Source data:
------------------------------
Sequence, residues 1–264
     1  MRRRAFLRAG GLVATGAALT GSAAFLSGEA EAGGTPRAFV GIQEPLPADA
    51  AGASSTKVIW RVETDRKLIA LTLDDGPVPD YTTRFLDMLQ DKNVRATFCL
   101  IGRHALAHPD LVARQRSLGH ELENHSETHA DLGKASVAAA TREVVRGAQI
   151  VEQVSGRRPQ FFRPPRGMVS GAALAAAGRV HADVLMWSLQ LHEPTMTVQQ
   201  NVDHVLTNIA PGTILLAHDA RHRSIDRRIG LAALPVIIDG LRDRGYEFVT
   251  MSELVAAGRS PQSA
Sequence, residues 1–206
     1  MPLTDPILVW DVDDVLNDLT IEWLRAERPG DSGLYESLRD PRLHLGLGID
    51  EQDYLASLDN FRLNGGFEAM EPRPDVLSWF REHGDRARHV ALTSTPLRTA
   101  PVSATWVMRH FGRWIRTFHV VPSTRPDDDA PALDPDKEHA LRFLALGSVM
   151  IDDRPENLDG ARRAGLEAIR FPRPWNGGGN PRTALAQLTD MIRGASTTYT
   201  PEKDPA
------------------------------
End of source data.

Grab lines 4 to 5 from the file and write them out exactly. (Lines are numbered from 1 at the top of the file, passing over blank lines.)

   101  IGRHALAHPD LVARQRSLGH ELENHSETHA DLGKASVAAA TREVVRGAQI
   151  VEQVSGRRPQ FFRPPRGMVS GAALAAAGRV HADVLMWSLQ LHEPTMTVQQ